Nine speakers took to the podium to express support, with many stating that climate change was the most pressing issue currently facing the planet. After each person spoke, thunderous applause rang out from the audience, and some held up signs saying, “Support Carbon Fee and Dividend.”
“We look to you to add to the voice and to build the momentum,” said CCL Inland Empire Co-Leader Penelope Mann.
Councilmember Joe Lyons was in favor of the resolution, noting the apparent lack of interest in Washington should spur local governments to take charge.
“My sense is…because we don’t have an ability to directly affect legislation in this area, that we have an obligation to speak out and let those who vote on our behalf on information that represents the will of our community,” he said.
Councilmember Corey Calaycay abstained on voting, once again citing his reluctance to cast a vote supporting or opposing statewide and nationwide issues. He noted, as before, he didn’t feel comfortable putting all citizens of Claremont “on record” with his vote.
When reached by phone Wednesday, Mr. Calaycay said that the council will discuss a policy on whether council should even be addressing these broad-range issues at the Council Priorities Workshop on May 20. He said he was “getting a little frustrated” with the city bringing forth recommendations to support or oppose statewide initiatives.
“Frankly, if I wanted to get involved in assembly issues I would have run for those offices,” he said. “But I ran for city council.”
In March, Mr. Calaycay voted yes on a letter of support for SB1, AB1 and AB18, three senate and assembly bills that would levy a gasoline tax in order to fund transportation and infrastructure projects.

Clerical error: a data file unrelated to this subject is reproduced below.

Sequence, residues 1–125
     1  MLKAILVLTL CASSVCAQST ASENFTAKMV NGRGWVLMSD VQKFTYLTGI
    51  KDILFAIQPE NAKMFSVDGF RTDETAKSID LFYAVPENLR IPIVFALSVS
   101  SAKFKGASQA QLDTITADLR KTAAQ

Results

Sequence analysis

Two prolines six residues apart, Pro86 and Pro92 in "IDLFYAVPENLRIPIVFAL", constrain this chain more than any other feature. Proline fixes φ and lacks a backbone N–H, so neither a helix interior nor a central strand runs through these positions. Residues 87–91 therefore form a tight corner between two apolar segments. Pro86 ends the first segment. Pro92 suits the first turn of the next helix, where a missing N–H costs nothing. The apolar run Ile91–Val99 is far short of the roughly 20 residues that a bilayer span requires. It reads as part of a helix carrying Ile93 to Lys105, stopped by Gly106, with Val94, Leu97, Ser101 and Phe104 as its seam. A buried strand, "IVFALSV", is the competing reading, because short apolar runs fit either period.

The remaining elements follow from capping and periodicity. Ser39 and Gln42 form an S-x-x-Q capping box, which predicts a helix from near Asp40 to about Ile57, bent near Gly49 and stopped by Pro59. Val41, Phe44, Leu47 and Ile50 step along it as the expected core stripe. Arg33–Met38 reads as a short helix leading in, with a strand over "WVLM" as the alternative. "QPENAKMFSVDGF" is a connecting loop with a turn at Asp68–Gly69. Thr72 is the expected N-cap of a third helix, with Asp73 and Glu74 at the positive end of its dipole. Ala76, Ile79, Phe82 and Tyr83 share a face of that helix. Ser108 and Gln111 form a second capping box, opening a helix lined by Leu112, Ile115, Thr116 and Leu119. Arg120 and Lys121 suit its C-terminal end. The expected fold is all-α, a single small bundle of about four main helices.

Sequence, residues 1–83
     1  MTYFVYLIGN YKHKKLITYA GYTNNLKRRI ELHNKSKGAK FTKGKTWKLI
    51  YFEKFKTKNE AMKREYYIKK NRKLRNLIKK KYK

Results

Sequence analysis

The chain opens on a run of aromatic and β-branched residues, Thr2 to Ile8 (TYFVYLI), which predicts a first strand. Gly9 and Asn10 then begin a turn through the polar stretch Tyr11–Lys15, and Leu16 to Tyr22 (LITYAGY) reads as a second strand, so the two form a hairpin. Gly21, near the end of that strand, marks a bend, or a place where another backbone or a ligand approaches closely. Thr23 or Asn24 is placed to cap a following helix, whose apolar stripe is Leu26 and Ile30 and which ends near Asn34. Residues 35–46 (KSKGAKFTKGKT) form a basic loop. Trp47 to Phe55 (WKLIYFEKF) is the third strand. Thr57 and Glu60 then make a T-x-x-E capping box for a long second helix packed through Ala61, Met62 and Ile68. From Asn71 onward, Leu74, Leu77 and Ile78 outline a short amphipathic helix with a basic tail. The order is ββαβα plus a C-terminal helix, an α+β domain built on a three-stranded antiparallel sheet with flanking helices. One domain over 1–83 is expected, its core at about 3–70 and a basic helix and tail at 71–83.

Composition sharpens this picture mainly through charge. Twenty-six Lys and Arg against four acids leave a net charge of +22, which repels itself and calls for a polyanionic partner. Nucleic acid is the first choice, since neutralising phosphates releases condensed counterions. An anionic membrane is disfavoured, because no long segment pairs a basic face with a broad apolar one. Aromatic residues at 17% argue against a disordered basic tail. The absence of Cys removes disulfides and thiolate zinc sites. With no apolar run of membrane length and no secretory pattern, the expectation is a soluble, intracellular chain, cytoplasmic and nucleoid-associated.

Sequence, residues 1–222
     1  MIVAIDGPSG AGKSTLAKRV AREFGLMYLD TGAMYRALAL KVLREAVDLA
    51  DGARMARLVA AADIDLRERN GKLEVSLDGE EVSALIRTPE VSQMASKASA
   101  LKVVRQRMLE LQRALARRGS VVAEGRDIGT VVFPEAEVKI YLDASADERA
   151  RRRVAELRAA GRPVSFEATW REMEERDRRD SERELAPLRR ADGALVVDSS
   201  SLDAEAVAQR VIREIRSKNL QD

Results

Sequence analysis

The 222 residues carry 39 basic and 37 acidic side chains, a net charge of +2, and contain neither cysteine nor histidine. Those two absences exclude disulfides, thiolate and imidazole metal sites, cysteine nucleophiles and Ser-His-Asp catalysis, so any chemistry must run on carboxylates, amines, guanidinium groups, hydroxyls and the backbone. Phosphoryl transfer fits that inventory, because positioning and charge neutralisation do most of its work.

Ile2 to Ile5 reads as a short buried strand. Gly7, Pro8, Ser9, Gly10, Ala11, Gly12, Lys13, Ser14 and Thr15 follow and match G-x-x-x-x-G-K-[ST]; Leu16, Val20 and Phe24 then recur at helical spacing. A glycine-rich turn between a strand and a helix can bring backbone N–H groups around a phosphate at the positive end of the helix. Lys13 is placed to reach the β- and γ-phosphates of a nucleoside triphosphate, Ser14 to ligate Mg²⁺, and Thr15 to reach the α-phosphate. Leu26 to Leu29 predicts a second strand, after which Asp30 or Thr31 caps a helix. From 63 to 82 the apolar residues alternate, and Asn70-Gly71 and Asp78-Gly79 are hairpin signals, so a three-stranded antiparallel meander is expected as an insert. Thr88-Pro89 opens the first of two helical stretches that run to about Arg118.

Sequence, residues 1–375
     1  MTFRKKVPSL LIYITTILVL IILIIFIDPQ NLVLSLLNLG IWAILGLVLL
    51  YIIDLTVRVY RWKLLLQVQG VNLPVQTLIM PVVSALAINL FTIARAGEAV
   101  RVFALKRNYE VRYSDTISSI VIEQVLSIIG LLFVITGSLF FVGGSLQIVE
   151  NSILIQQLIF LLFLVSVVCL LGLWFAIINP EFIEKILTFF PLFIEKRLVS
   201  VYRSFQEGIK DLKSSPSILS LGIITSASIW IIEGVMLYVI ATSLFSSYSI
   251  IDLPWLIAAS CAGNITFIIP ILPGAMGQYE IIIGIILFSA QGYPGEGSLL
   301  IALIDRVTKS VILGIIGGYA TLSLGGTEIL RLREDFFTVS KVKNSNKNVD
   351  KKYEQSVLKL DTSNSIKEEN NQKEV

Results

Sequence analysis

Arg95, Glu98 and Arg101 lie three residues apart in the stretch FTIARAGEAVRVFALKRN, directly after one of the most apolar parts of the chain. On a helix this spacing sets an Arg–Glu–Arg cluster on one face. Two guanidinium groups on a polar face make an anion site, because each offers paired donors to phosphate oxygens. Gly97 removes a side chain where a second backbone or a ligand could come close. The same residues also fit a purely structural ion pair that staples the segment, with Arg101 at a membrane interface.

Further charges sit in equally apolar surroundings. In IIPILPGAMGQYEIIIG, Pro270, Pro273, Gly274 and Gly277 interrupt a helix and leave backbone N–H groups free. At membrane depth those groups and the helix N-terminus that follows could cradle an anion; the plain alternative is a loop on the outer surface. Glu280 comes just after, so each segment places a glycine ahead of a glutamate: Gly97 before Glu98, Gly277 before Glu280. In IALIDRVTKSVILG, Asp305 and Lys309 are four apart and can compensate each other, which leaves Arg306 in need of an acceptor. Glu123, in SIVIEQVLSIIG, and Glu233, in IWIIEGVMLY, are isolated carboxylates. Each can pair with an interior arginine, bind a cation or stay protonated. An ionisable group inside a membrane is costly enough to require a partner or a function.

Mr. Calaycay noted that voting on those bills wasn’t the same as abstaining, because the March agenda item wasn’t a formal resolution, and therefore he didn’t feel he was putting the citizens of Claremont on record.
He also said he wanted the vote on the council’s support for the gas tax to be continued to a later date, but ultimately supported it due to Mr. Nasiali’s amendment to recommend a sunset date for the bills.
Mr. Nasiali’s amendment was used as an example of the transitive nature of such issues, Mr. Calaycay added—sometimes, bills the council supports change over time.
“If I’m going to vote on something, I want to vote on something I have control over and that I can take responsibility for,” Mr. Calaycay said.
Local purview was also the reason why Mr. Nasiali voted against the resolution. In his remarks, he maintained that he understood the need for the resolution, but felt it wasn’t Claremont’s place to vote on it.
“We have local issues we have to deal with, and I am elected to deal with the local issues,” Mr. Nasiali said. “And some items or issues are handled by other layers of government—county, state, federal government.”
Councilmember Sam Pedroza, who voted for the resolution, said he disagreed with Mr. Calaycay’s assertion that voting on resolutions such as this one would be “putting the whole city on the record.” He believes the council is merely supporting the resolution at hand.
“As representatives of Claremont residents, that’s what I feel is one of our tasks,” he added.
He echoed Mr. Allen’s comments about starting the movement here to motivate change at higher levels of government.
“A program like this starts at the local level, because that’s where the people are—people who live in cities,” he said.
The resolution passed, with Mr. Pedroza, Mr. Lyons and Mayor Larry Schroeder voting for it, Mr. Nasiali voting against and Mr. Calaycay abstaining.
The next city council meeting is on May 23.